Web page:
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Pharmacists are looking for DLT solution for drug costs

Pharmaceutical companies Pfizer, Amgen and Sanofi are now eyeing blockchain as a means of optimizing the development and testing of new drugs.

08.Jan.18 10:31 PM
By Daria Zaytseva


Pharmacists are looking for DLT solution for drug costs

But, although it may seem strange that these tough competitors are interested in working together, according to Jaydev Thakkar, product innovation lead for digital health at Amgen, there is a growing need for cooperation on fundamental issues of great importance for the entire industry.

In recent years, pharmaceutical companies have been put under greater pressure to bring new, more personalized drugs to the market faster and at more affordable prices and individually.

But due to government regulations, the increasing complexity of conducted research and strict standards, the current process of research and development is very cumbersome: studies usually lasting from six to seven years. According to Ken Getz of the Center for the Study of Drug Development at Tufts University, about 90 percent of the drugs that enter clinical testing fail, resulting in an average cost of successful development of one drug of about $2.6 billion.

Nevertheless, Pfizer, Amgen and Sanofi believe that blockchain can help.

Ultimately, reducing the duration and cost of clinical trials and improving their success depends, in particular, on one thing: improved data management and movement.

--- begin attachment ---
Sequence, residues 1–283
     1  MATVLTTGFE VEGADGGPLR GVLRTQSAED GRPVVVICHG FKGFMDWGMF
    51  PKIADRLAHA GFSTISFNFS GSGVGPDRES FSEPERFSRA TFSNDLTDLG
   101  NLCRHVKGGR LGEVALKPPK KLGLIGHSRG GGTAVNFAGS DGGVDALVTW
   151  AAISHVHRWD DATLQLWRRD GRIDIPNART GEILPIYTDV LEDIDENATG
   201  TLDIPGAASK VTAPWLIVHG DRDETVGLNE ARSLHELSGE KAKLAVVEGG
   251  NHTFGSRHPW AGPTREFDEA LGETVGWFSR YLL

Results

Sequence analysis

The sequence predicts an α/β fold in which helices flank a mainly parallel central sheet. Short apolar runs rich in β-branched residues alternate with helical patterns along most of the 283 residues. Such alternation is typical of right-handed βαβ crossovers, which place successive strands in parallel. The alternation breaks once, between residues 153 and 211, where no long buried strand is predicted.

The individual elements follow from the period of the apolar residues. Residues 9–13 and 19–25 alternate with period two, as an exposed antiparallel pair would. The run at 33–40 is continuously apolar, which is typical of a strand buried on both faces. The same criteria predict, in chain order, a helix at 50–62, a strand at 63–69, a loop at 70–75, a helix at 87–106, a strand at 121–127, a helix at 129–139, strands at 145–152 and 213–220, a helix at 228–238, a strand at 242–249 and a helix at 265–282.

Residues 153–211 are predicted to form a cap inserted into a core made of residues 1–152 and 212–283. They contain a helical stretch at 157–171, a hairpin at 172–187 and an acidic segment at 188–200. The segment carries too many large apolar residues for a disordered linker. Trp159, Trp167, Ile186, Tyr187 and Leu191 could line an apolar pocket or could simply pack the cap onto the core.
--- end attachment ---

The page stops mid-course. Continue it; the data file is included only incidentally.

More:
For pharmaceuticals, limited access to the portability of patient data and their portability means that the search and recruitment of individuals who meet the eligibility criteria for this study is a difficult task.

The current hiring process involves engaging research organizations and investigators to beat the bushes, so to say, by visiting doctors' offices to find patients who are qualified and interested in participating in the study. The converse is also often true, as patients with diseases that want to participate in research often face difficulties when compared with the relevant study.

To address these gaps, a blockchain-based system could be used that allows people who want to participate in trials to combine their health data and make them visible to recruiters, according to pharmacists.

Although the data on the ledger would not be immediately connected with a particular person, recruiters could tell an anonymous candidate who has the right to participate, and once a person agrees, their identity would be revealed.

Because clinical studies usually span several years, patient retention has also become a problem for the industry, especially because whole studies can be invalidated if enough patients do not appear within the required time window.

Thus, a blockchain-based channel for interaction with the patient can offer immediate utility. Not only do managers believe that a blockchain system could automate communication between a pharmaceutical company and a patient, but they also believe that such a system would ensure the integrity of data.

The immutable nature of blockchains could play a decisive role in protecting against falsification of data and allow the public and other researchers better trust in the systems being used to track data.

Currently, the three companies are working with the IEEE Standards Association, the standards body of the world's largest technology association, developing test benches for technology implementation and solving the problem.

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